I first met Art in the late 80s at, I believe, a doctoral colloquium sponsored by ORSA/TIMS (now INFORMS). Art was clearly a star: he won the Nicholson Prize (Best Student Paper) in 1988. If he had stuck with the “normal path” of being an academic researcher, I have no doubt that he would now be well known in operations research academia.
But his real passion was lightning calculation and other forms of mathematical magic and in keeping with that path, he has made himself even better known to a much broader audience. He has published three books aimed at the general audience, including one that was a Book-of-the-Month Club selection (is this unique in operations research?). He has an amazing act that he performs for a wide range of audiences.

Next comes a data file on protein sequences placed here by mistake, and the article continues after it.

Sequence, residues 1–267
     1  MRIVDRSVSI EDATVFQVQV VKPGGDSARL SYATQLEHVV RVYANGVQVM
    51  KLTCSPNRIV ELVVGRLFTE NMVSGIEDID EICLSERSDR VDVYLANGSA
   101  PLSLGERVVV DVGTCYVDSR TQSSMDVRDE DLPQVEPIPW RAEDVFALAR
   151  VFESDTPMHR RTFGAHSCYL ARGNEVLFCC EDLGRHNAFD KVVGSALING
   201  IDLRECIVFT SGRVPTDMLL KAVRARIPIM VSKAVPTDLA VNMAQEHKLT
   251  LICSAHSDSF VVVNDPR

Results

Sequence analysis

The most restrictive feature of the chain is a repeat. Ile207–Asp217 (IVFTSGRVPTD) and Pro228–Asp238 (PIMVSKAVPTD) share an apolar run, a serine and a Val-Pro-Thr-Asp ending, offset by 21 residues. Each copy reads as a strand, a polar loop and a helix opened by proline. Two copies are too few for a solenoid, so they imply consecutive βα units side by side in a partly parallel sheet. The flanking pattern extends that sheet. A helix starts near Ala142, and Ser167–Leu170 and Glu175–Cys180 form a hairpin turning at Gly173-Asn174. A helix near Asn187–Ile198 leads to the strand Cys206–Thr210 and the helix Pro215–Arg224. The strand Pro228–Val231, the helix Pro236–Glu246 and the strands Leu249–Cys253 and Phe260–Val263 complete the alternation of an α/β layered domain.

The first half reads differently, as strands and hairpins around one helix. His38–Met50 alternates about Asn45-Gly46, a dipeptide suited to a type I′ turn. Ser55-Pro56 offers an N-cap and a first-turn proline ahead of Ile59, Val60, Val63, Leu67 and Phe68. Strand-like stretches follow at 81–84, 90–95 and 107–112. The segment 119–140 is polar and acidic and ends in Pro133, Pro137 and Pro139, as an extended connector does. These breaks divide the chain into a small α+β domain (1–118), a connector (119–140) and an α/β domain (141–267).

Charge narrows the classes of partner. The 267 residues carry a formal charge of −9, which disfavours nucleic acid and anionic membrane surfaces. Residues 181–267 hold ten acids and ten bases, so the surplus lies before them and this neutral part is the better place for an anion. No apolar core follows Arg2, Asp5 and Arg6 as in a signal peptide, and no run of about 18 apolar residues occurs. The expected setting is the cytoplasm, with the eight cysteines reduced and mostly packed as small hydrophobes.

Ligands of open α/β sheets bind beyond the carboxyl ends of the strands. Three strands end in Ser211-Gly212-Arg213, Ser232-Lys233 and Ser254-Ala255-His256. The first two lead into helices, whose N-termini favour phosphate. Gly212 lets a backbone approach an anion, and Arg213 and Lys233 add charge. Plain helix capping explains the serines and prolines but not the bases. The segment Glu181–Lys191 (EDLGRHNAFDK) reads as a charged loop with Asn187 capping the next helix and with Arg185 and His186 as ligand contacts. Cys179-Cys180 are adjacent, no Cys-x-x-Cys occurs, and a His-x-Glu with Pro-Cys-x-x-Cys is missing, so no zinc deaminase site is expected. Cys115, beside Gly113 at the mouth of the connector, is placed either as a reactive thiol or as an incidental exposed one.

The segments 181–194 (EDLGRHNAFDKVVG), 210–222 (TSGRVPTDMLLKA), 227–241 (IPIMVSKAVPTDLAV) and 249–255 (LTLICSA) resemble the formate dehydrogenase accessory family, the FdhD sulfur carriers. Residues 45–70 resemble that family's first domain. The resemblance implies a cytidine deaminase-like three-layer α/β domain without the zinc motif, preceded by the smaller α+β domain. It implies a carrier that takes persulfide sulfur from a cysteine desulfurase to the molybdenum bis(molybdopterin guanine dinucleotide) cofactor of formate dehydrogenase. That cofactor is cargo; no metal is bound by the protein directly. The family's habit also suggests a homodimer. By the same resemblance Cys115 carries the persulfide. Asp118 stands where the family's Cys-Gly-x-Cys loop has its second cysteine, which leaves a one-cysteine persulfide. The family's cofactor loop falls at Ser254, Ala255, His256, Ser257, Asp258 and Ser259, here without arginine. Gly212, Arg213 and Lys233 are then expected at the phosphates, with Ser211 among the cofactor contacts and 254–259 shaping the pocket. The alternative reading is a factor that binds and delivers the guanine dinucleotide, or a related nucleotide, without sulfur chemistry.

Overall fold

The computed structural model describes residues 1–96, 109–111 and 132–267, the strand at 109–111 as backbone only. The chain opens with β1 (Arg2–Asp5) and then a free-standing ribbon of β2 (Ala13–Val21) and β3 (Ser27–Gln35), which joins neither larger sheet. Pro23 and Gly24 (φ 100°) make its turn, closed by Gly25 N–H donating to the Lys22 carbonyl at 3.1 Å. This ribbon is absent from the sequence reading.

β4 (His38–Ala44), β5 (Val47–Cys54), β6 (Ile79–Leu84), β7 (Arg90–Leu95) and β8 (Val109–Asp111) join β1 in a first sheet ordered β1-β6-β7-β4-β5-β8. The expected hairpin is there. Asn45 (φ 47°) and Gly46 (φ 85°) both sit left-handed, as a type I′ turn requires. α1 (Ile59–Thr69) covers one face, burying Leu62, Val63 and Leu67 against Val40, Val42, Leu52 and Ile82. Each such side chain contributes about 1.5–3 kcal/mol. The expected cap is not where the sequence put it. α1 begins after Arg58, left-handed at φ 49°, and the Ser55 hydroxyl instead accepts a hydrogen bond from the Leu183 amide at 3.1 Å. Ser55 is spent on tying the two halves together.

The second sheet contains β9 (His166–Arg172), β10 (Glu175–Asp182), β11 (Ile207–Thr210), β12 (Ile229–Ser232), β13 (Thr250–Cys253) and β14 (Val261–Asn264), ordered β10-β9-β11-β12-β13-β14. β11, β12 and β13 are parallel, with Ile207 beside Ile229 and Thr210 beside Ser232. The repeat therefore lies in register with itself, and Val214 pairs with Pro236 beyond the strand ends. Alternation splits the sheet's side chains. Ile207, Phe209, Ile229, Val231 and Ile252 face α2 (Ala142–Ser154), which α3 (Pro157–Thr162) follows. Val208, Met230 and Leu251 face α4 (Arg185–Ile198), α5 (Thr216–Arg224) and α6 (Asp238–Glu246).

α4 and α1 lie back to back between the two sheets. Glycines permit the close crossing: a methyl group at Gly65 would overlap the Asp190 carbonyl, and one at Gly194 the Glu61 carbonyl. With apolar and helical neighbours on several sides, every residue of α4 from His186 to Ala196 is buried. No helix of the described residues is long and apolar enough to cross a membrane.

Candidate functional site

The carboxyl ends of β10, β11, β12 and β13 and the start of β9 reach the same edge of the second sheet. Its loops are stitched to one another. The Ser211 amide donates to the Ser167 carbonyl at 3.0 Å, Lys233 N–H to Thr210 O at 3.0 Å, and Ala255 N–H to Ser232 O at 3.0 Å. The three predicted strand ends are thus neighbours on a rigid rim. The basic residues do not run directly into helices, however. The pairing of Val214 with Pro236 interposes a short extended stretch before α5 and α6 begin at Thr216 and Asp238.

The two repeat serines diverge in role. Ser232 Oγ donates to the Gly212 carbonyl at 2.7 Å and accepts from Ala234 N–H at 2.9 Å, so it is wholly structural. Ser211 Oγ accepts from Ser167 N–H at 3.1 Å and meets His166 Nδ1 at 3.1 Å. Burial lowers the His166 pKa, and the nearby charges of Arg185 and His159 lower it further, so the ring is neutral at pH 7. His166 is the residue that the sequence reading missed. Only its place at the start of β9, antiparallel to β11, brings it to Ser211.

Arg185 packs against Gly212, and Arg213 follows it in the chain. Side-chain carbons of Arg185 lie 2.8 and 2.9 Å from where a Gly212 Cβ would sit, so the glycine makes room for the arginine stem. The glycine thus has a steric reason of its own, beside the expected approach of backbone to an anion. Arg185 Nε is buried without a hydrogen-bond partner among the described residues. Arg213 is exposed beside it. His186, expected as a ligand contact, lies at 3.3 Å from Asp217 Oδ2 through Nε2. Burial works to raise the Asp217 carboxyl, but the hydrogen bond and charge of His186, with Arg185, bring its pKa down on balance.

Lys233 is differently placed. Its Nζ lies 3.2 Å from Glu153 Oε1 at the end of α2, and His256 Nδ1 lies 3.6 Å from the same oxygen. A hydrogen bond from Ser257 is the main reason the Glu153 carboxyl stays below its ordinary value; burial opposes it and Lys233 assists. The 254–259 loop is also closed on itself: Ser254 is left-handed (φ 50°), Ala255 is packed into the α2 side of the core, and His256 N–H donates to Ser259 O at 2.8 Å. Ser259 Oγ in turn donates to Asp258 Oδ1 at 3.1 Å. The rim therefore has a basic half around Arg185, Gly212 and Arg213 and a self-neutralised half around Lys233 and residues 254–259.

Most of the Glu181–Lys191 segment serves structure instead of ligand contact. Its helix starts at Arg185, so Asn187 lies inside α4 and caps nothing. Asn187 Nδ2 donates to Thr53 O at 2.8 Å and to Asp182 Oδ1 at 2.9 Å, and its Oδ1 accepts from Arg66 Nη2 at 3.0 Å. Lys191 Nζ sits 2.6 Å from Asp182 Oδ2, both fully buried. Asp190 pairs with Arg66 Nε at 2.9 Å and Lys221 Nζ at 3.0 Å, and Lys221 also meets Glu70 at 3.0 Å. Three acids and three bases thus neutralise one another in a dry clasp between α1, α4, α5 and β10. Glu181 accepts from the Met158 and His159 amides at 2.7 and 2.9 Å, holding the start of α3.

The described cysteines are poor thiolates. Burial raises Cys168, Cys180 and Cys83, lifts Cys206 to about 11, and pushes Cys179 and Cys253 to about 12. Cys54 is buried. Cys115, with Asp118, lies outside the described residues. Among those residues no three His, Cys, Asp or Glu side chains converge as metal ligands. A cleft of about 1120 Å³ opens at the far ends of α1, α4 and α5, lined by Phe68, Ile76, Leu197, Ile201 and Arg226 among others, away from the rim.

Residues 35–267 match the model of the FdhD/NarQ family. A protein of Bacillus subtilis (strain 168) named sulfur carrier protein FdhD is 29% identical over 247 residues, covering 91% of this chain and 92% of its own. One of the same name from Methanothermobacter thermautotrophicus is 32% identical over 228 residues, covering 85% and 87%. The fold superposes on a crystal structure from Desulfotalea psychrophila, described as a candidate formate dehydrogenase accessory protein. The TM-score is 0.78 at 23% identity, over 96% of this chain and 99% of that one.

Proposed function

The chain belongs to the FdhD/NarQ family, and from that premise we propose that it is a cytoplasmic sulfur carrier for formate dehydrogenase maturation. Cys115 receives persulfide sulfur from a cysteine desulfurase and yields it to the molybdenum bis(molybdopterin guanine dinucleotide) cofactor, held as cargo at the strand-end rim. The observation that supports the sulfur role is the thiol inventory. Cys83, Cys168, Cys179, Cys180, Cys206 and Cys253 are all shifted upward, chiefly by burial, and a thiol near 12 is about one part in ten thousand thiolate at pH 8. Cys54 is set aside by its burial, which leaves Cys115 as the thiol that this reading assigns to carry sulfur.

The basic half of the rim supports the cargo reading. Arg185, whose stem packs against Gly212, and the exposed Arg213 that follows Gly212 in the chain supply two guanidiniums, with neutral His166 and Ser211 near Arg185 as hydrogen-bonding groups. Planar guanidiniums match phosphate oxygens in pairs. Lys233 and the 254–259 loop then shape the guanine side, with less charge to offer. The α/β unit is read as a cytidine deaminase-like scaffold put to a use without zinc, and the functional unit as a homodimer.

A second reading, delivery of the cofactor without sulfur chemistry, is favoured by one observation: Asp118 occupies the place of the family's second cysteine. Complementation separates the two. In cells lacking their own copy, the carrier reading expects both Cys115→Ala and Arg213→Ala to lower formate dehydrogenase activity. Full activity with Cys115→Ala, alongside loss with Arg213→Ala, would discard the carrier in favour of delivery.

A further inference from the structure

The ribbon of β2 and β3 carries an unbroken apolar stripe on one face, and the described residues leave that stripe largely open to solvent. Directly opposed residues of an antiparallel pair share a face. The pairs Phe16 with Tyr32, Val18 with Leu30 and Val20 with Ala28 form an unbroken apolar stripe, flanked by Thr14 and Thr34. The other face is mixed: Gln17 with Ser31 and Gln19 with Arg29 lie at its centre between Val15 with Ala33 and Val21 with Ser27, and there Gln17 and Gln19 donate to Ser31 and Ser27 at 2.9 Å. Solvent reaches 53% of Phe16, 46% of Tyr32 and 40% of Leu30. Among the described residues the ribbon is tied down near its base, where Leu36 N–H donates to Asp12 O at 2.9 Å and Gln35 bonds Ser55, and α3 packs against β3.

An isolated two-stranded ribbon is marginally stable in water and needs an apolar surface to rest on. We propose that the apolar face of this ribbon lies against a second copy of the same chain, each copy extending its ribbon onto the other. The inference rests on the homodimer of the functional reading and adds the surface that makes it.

His research has moved out of operations research into combinatorics and combinatorial games (though these areas have a lot of overlap with OR), where he publishes prolifically and has two books aimed at professionals. His book “Proofs that Really Count” (along with Jennifer Quinn) is a great introduction to combinatorial proofs.
Art is another example of the variety of paths you can take after an operations research degree.